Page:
Wednesday, July 7, 2010

Road Tolls Need Revision To Support Freight Movement

Bridge and Tunnel Fees - Vital Income versus Tax on Haulage
Shipping News Feature

UK – Much debate currently on the subject of road tolls, an ever increasingly controversial subject. Most British trucking firms have to use ‘pay as you go’ facilities ranging from the simple bridge toll to the eco sensitive congestion zones in cities like London. The past few years have seen a steady rise in everyday costs for the general haulier and the geography involved results in higher costs for some against that of their competitors.

This week the Freight Transport Association (FTA) was pleased to receive a letter from Welsh Assembly Government Minister for Economy and Transport Ieuan Wyn Jones, confirming that a study into the economic impact of tolls on the Severn Crossings will be taken forward. The FTA stressed the problems associated with rising tolls to the Minister in May during a meeting where truck representatives highlighted the need for businesses that use the Severn Crossing to be protected from unfair and unnecessary toll price hikes.

Ian Gallagher, FTA's Policy Manager for Wales commented:

"We are pleased that the Welsh Assembly Government has listened to industry and commissioned an independent study into the economic ramifications of constant annual price hikes along this crucial trade corridor. These tolls cost some of our members many tens of thousands of pounds every year, money which could be invested in staff training or greener fleets. Government has seen sense and frozen tolls elsewhere in the UK, it is only fair that the same principles be applied to the Severn.”

Mr Gallagher was referring to points made in our article last October when the then Labour Government were accused of hypocrisy by the FTA. The row flared up again in January when 50% increases to cross the Tamar Bridge were proposed. These were supported by the Government and came into effect in March after many objections.

Mr Gallagher concluded:

"With goods vehicles paying more to use the Severn crossings than they do for tolls in other parts of the country, companies are effectively being penalised for doing business in Wales. This simply has to stop or else we risk the recovery of the Welsh economy as a whole. We hope that this study will provide government with the robust evidence it needs to take prompt action, as the longer it takes the greater the damage to businesses."

Meanwhile Transport Minister Mike Penning who visited the Dartford Tunnel Crossing and Queen Elizabeth II Bridge which span the Thames at Thurrock, has indicated that revision of toll collections need to be studied. The crossing is a notorious bottleneck interrupting as it does the flow of all traffic on the M25 in both directions whilst drivers negotiate pay booths. Local residents have been assured endlessly down the years that tolls would be lifted when the works had been paid for but even before the motorway’s construction the scheme grew from one tunnel to two, each of four lanes, then the bridge was built for traffic to flow Southbound. Tolls have inevitably risen inexorably over the years and nobody in the area now believes they will be rescinded.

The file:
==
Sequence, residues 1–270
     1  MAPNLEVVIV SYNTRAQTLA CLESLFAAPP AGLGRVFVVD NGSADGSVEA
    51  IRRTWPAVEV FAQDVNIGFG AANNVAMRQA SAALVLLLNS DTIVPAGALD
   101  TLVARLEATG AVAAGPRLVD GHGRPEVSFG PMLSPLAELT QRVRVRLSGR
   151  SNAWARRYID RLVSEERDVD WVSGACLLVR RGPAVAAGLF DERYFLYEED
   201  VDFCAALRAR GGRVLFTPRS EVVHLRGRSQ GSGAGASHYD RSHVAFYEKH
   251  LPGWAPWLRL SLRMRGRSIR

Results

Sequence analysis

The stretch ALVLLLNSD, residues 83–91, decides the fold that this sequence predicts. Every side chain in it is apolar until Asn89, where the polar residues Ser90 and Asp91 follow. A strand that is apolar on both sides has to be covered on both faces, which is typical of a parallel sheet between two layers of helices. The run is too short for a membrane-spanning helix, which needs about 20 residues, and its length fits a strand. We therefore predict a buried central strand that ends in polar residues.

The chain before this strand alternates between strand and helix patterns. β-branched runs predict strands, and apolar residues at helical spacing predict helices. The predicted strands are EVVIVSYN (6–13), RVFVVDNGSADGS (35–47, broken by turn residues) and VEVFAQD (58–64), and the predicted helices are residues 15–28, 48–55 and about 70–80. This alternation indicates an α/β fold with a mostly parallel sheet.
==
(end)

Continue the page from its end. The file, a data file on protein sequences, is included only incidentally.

During a Commons debate Mr Penning pointed out that using new technology, number plate recognition springs to mind, a system might be found which meant the removal of the normal barriers whilst still enabling revenue collection. With income from the crossing running at an estimated £40 million per annum, the crossing remains as a tasty hanging fruit should the Government decide to sell it off as has been mooted.

Labour decreed the crossing would be sold to help Government debt levels but at the time David Cameron objected and Conservative politicians based around the location on both sides of the river declared themselves against privatisation. Many in fact, including Jackie Doyle-Price, MP for Thurrock, have campaigned long and hard to have the tolls removed. Such a policy may be less popular in Government circles in the light of economic reality, the Government must balance the benefits of a perpetual ‘cash cow’ against likely maintenance and running costs in the years to come.

A private consortium having a stranglehold on the cost of travelling around Britain’s busiest motorway with no other realistic alternative route available (unlike for example the M6), is not an appealing scenario.